Thursday, August 22, 2013
Got back to Bozeman late last night from the last several days on the Bighorn. I was supposed to originally be over there for a week but the old dude decided that he didn't want to do the Horn this year. Only problem was that I had booked some other guys over there already so instead of working 5 days there, I only worked 3 and had two to play around with friends, which was nice. Should have worked today, but found a more than capable replacement for me on a large group trip we have for the next few days. I get my turn tomorrow and it sounds like the group is very fun.
Anyway - back to the horn - and the rambling ranting thoughts on life on the Bighorn. First off, the river still smells like a sewage pool and Mosquitoes were awful at my campsite. It gets better though. The water is cold and the weeds are pretty much non-existent in relative terms...a little swat and they are gone...fish still don't like flies with a little bit of weed on them in case you are wondering if "not bad" weeds is the same as "no weeds." Great dry fly fishing from around noon-3 is on Mahoganies and PMD's...you need to be able to cast 20' and see a size 14 dry to make that work though - I found out. There is a big difference between 20' and 60', I think many people could benefit by actually pacing off 10 yards in their backyard prior to a trip and try to cast a piece of yarn into a small area...say an area that is like 10' X 10' (yes that is feet). If they can do that great, if not, just tell the guide they would like some help on casting instead of what they are doing wrong...a low hanging fast ball in my world which I will hit out of the park every time you throw it at me. Anyway, there was a lot more wrong than right going on in my boat when it came to dry fly fishing, but the fish were rising good from 12-3. Coincidentally, the nymphing wasn't as good during that time too...not bad, but not as good. The horn is like that...an honest river with honest fish...they follow the hatch progress and feed accordingly or they just eat worms and sowbugs just because that's what they always do. I said over 100 times in 2 of the 3 days, "sowbug" when the guys asked me which bug the fish ate. On the 3rd day, I said Ray Charles and they acted like I had finally figured it out as that's what their buddy had been using the day before, as we had too. A Ray Charles is a sowbug pattern and instead of saying Ray Charles, I chose to say sowbug. Fish moved up into skinny water late morning and ate the crap out of little PMD nymphs which Steven tied 18 for me before the trip. At the end of day 2, I had 4 left and the guys informed me that they each only lost 2 flies all day...I thought to myself...why was I tying new flies on all day?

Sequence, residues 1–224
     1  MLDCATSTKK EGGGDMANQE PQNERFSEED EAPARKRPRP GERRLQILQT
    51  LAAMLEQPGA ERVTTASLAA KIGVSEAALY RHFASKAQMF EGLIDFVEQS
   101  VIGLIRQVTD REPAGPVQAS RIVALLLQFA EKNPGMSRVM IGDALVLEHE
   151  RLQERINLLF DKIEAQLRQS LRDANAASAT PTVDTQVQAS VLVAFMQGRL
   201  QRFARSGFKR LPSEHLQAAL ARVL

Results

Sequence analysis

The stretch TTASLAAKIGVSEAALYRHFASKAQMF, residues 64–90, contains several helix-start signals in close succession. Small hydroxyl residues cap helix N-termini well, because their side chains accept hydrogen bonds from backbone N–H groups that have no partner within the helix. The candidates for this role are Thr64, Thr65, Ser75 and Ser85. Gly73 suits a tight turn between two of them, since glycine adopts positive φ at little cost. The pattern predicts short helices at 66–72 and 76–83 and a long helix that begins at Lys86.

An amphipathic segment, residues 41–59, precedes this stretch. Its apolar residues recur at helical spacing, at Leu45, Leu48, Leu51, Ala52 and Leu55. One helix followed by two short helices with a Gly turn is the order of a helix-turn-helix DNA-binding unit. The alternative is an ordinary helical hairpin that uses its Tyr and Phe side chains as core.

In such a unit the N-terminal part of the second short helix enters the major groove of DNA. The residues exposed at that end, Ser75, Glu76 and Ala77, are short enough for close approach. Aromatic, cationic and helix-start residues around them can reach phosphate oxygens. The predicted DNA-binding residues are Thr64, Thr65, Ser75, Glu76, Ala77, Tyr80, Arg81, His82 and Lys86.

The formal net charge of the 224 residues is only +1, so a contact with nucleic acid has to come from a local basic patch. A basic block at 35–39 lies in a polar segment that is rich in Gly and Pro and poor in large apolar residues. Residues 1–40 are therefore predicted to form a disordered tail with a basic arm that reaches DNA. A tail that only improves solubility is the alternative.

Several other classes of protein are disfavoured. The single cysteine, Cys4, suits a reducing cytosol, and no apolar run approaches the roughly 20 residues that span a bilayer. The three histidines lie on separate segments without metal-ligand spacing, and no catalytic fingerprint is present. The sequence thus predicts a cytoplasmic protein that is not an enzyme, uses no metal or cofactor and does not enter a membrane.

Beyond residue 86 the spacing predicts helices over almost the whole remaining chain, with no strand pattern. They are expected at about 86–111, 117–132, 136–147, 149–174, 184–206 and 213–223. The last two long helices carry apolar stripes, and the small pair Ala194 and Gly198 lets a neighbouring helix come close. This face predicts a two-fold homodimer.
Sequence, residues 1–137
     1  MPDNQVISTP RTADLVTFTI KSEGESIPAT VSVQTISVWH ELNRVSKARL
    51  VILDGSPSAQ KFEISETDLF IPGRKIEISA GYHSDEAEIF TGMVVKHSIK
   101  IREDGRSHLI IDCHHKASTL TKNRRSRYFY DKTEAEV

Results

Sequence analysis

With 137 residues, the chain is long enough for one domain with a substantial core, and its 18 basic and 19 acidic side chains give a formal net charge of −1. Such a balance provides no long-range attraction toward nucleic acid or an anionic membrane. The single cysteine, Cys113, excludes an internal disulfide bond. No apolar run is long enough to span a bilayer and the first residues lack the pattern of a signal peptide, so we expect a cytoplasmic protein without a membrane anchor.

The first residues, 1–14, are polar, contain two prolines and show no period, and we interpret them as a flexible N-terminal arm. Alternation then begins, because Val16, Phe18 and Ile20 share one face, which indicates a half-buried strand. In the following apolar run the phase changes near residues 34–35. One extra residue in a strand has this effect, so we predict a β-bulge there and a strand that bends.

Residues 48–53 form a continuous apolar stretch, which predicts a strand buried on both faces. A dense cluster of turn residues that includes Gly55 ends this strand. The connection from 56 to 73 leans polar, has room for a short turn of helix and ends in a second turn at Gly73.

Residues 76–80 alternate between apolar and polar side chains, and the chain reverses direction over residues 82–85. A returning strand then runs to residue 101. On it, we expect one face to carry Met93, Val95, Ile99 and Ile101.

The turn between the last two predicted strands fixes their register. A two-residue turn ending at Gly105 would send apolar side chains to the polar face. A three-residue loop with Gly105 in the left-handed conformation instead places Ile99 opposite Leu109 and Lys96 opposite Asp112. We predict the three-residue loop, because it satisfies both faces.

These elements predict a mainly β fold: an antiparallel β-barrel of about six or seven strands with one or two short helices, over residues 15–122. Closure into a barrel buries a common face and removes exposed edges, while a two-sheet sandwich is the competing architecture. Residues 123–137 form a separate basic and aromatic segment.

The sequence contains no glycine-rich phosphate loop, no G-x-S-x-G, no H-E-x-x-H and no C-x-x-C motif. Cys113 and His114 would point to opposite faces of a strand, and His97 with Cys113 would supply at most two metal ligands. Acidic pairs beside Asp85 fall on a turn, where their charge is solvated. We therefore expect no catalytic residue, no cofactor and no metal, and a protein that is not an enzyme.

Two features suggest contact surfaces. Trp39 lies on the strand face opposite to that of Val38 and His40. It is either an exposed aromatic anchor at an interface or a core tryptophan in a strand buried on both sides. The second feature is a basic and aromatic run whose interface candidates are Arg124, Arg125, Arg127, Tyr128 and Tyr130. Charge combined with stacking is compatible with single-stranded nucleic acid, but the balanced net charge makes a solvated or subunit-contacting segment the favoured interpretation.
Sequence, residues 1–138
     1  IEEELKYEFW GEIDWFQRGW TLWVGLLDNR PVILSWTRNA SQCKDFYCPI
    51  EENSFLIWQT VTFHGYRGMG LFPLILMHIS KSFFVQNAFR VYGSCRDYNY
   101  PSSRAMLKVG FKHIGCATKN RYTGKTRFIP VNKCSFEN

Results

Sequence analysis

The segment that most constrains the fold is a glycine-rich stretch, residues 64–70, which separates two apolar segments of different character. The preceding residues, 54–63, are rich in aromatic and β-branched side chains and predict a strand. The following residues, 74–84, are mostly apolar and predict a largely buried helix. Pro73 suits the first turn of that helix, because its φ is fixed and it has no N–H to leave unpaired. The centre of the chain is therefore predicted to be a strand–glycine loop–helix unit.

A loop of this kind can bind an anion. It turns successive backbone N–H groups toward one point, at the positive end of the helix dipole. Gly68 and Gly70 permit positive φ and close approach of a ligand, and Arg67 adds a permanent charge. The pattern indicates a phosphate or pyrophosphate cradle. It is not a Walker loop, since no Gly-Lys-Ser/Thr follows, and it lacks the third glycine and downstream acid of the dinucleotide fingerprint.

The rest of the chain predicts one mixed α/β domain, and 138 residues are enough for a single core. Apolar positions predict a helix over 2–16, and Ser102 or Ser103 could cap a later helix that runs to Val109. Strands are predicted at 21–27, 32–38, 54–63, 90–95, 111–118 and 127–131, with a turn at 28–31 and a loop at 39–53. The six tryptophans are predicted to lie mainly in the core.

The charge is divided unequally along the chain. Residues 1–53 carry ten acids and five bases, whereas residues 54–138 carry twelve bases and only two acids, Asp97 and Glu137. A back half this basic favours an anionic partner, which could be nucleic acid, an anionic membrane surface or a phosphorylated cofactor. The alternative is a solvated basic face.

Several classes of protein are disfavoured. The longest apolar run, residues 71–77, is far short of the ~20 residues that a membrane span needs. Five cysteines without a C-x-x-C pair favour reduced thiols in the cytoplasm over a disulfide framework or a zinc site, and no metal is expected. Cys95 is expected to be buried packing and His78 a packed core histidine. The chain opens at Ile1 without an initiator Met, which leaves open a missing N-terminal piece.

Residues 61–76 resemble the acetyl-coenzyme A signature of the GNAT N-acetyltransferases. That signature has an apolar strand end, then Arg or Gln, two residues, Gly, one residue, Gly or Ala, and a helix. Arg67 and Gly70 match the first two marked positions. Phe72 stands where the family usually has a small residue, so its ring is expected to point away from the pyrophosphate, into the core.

Bigger picture thoughts? Bighorn guides don't like guides from other areas coming over there to guide. I guess the majority of them don't give a crap, but some of them really don't like that. I think that FWP should really look at how they read statistics as there is no way that the Bighorn is less crowded that the Madison, especially in terms of angling pressure densities. You spend most of the day fishing where you can rather than where you want to because there is always someone ahead or behind you. Sure, you catch a lot of fish which is fun and you don't have to be on the river everyday to read it, understand it, or to catch lots of fish...that's exactly why it is so popular.
It is a cool place to see and fish, put my guiding days on the river are over...I think. I am tried of boating 40+ fish and losing another 20 and having people be disappointed that it wasn't better. You can go out with just about anyone on the Bighorn and catch your fish, but if you want to learn some stuff and become a better angler...you might have to look a little harder. It is always amazing to me to watch the same anglers over there day after day doing the same thing, catching fish without a clue. We have more than enough water around Bozeman to fish in the summer, I will leave the horn to those that need the horn to catch fish.
Jeremy Gilbertson that just might be the honest to God best guide on the river and I would encourage anyone that wants to learn about the river, how to fish it, and catch of lot of fish to give him a call if you want a guide on the Bighorn, he won't dissappoint and he will show you a much different view of the Horn that anyone else over there. He's also a great guy and a good friend for many years now.